The Boston Celtics had never trailed a playoff series by two games during the Big Three era. They had never been beaten so thoroughly, nor perhaps so meaningfully, in successive games. They had never looked so incapable, so overmatched, so defeated, so confused.
We’re accustomed to seeing Boston respond to smoke with fire, but this time the flames engulfed them before they could appropriately react. All of which leaves them stumbling like the neighborhood drunk, wobbling like a sunflower in 40-MPH winds, standing close enough to their biggest collective challenge yet that they can tell you what flavor gum it’s chewing.
“It is what it is and we have to deal with it,” Kevin Garnett told WEEI’s Paul Flannery. “We need to go protect our homecourt. Period. There isn’t much to talk about. It’s do or die.”
There are certainly things Boston can correct from yesterday. They can set better screens for Ray Allen. They can stress better ball movement. They can make fewer bad turnovers, which almost always result in a Miami dunk or layup. They can encourage Glen Davis to refrain from trying to play hero. They can offer Jeff Green a “Defense for Dummies” handbook. They can completely cut Nenad Krstic’s minutes, and they can put Jermaine O’Neal back in the game more quickly. They can maintain their composure in the endgame. They can make life more difficult for LeWyane Jade.
But coming back in this series won’t be so much about adjustments to technique as it is will be about the Celtics finding it within themselves to play better. That’s what my expert advice is: play better. For all you GMs out there, I’m available for a coaching position. But such genius pearls of wisdom don’t come cheap. Play better. I’m good, huh?
Of course, I’m being sarcastic about my “great” advice, but Doc Rivers actually agrees with my sentiment. “No different approach, honestly,” he said about Boston’s plan for Game 3. Structurally, there’s nothing Boston will do differently. They will just attempt to do what they do more efficiently. And they will be attempting to do so against a Heat team that, if it ever did, no longer feels inferior. Nor should they feel inferior, considering they spent the first two games pelting Boston with the same wrench Will Hunting’s father used during fits of alcoholic rage. Playing better, against this Heat team that’s executing so well, is far easier said than done.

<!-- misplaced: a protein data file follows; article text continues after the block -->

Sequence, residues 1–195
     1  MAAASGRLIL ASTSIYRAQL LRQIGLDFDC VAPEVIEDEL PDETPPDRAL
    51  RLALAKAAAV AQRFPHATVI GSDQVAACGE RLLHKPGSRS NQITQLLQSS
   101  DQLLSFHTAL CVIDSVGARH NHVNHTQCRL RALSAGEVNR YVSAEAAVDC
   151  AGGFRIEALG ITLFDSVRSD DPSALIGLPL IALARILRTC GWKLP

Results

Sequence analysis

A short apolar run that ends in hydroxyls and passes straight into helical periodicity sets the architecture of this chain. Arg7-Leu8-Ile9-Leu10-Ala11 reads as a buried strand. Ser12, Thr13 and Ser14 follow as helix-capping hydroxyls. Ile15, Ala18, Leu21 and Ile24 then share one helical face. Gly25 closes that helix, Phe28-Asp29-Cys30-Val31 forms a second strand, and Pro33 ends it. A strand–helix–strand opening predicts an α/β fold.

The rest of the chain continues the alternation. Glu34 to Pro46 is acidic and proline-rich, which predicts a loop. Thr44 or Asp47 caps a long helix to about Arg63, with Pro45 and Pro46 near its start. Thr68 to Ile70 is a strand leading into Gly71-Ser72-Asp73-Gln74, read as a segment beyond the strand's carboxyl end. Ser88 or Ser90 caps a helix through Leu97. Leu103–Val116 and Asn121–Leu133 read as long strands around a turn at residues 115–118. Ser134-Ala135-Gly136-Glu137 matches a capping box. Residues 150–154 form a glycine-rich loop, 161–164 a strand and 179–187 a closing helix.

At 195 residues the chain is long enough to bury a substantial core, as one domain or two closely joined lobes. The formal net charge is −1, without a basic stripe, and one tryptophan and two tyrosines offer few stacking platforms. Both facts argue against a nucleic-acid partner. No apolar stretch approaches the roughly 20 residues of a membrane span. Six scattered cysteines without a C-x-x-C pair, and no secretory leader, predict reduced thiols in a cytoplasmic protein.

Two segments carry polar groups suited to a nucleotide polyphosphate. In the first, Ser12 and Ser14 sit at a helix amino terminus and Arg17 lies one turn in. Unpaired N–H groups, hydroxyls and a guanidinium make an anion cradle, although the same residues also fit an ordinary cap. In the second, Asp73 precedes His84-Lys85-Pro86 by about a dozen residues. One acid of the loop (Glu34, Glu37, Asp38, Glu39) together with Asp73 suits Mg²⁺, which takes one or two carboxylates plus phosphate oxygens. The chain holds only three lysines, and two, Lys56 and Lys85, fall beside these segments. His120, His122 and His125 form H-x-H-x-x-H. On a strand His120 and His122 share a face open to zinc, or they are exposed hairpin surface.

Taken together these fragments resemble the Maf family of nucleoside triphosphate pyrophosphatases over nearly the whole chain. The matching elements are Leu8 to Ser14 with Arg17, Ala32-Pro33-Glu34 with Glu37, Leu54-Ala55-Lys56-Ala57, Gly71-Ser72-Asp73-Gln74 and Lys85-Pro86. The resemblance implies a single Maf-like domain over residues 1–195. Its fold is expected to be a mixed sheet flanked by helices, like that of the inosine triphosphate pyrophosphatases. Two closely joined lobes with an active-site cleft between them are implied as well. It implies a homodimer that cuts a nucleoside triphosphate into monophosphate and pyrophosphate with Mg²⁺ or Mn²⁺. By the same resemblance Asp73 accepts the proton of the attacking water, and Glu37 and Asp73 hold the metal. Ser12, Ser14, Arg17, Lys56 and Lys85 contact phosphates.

This series has turned into Boston greatest challenge yet, and should the Celtics somehow find it within themselves to steal this series, will become their most worthy accomplishment. Nothing so far has provided hope, nothing so far has provided optimism. But the Celtics would be surprised if they don’t bring the heavy artillery when play resumes on Saturday.
“We’ll be ready, I can tell you that,” Rivers told ESPN’s Jackie MacMullan about Game 3. “I can guarantee you that. In this case, the rest is good. It’s very good for us because we are a little banged up. So I told [the players] to go golf or do whatever they want to do, stay away from each other, stay away from film, stay away from basketball and just relax.
“And then we’ll get right back at it on [Thursday] and build up to Game 3, and Game 3 will be in Boston. We like being in Boston.”
They are bloodied, but not afraid.
“Being down 2-0 doesn’t scare any of us,” Ray Allen told the Palm Beach Post. “It doesn’t make any of us nervous. What this gives us is an opportunity to come out shining, an opportunity to go home in front of our home crowd and play some good basketball.”
They better take advantage of that opportunity, because their graves are waiting, already dug, and the Heat are ready to nudge them in. Hope has regressed to the point that I have begun thinking about Boston’s impending death, about how I’d at least like them to go down pridefully. In my thoughts, and this was my brother Tommy’s idea first, their death goes something like (*”The Wire” spoiler alert*) Bodie’s in “The Wire.”
It’s late at night, and Bodie’s selling drugs on a Baltimore street corner. Darkness has already claimed the day when Bodie spots gangster assassins lurking, approaching. Immediately, he knows what’s going on. His friends tell him to run. But not Bodie. No, Bodie’s what they call a soldier.
“This is my corner, I ain’t running nowhere,” he says. The assassins walk closer. They’ve developed a reputation as the most dangerous duo (sound familiar) in Baltimore, and Bodie understands their power. But it’s his corner. He’s not going anywhere. Instead, he fires two shots.
“Come with it, motherf—ers. I don’t give a f—,” he yells into the night air. “I’m right here.”
He fires more shots. His friend Poot urges him one last time to leave before getting killed, but Bodie’s mind is already decided. He shakes his head and Poot runs away, a coward or smart, or both at the same time, whatever you want to call him.
Bodie keeps shooting. Even though death seems inevitable, it’s his corner. He’s nothing if not proud, nothing if not defiant. They will take his corner, he must understand, and he should know he will die protecting it. But he’d rather have it that way. A few seconds later, a few shots later, Bodie is dead. Shot at close range. The approaching assassins, as expected, proved to be too much. You can call Bodie stupid for standing his ground when he could have run, but I imagine it’s the way he wanted it to end, prideful and unafraid.
That’s how I want Boston to go. Either that, or they could somehow escape the Grim Reaper and overcome the approaching assassins. It’s their biggest challenge yet.
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